A look into the future

What does the future hold for Mesa County? Will the population grow? What about the labor force? Which industries will provide jobs?

Local business owners and managers would love definitive answers to those questions, if only they could see a bit more clearly into their crystal balls.

As it turns out, there’s a state official whose job is to peer into a proverbial crystal ball of statistics to develop projections for population and labor as well as other trends in Colorado.

And she was recently in Grand Junction to talk specifically about her forecasts for this area.

Here are some of the highlights from a nearly two-hour presentation by Elizabeth Garner, the state demographer:

Even as Colorado ranked as the second-fastest growing state behind only North Dakota, there was a large disparity in growth rates between the Front Range and other areas. The population in Mesa County, for example, increased only 456 between 2014 and 2015.

The situation is similar for employment in that the labor force in some areas of Colorado now exceeds pre-recession levels, but not in other areas.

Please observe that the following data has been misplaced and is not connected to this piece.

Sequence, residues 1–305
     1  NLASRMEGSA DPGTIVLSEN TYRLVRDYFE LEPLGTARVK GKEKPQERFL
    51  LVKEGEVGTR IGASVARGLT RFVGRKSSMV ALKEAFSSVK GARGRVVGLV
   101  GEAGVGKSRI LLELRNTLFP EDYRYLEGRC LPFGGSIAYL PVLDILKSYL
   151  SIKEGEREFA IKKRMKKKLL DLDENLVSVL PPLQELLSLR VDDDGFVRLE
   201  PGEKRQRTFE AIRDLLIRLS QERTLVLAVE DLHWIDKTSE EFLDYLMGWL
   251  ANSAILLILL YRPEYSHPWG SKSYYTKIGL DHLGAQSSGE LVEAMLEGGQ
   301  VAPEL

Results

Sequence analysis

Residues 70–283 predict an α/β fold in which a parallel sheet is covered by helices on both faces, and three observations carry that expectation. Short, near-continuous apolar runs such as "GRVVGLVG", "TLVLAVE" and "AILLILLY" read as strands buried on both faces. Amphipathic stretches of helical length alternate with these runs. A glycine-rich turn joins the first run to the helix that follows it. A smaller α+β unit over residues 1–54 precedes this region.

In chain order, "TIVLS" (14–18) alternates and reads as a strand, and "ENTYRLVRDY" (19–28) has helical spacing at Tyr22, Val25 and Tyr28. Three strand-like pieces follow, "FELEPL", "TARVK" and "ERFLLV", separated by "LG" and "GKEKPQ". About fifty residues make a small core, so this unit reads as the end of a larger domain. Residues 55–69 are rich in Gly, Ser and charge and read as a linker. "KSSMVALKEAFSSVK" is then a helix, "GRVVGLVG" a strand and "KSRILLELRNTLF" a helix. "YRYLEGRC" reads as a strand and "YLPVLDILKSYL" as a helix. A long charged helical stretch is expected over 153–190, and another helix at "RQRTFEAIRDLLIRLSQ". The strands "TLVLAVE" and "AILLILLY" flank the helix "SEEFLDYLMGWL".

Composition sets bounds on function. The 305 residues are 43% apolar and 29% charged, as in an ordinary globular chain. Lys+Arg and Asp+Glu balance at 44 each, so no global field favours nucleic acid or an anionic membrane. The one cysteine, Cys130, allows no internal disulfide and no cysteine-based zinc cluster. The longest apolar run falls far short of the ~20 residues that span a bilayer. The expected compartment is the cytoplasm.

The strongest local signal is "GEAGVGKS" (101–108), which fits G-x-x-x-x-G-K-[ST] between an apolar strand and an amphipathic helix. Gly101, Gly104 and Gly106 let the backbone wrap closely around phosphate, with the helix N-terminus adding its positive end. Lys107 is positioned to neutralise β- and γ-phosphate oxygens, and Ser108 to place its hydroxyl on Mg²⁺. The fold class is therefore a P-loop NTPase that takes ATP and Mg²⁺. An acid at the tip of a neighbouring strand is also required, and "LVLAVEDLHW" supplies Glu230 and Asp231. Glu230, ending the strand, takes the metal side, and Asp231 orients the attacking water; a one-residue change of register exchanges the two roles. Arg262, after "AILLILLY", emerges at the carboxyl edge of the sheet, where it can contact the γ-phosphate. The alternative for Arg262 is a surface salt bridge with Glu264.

The labor force in Mesa County remains abut 8 percent below the pre-recession peak, although Garner questioned whether growth associated with what was at that time booming natural gas development was actually sustainable. Employment in some industry sectors in Mesa County exceeds per-recession peaks, but hasn’t yet rebounded in other sectors.

The population of Colorado is expected to continue to grow, from about 5.4 million now to 7 million in 2030, 7.9 million in 2040 and 8.6 million in 2050.

The population of Mesa County is expected to grow as well, from about 149,000 now to 162,000 in 2020, 189,000 in 2030 and $215,000 in 2040.

Mesa County payrolls are expected to grow along with the population, from about 77,000 now to nearly 86,000 in 2020, almost 94,000 in 2030 and more than 111,000 in 2040.

Mesa County has a higher proportion of jobs in the health care, retail trade and tourism sectors than the state averages. But the economic base overall is fairly well balanced, Garner said. Regional services, retirees and tourism constitute some of the biggest economic drivers.

Mesa County offers some attractive attributes, Garner said, that include outdoor recreation, good health care, an airport, a university and comparably lower housing and living costs. There’s also an advantage in being a metropolitan area, although not being a metro area close to Denver.

Mesa County also has demonstrated it can attract people of different ages, and that’s important as well, Garner said.

The Mesa County population is aging, though, and that will have implications not only for the labor and housing markets, but also the health care, transportation and other services offered as well as tax revenues for local government.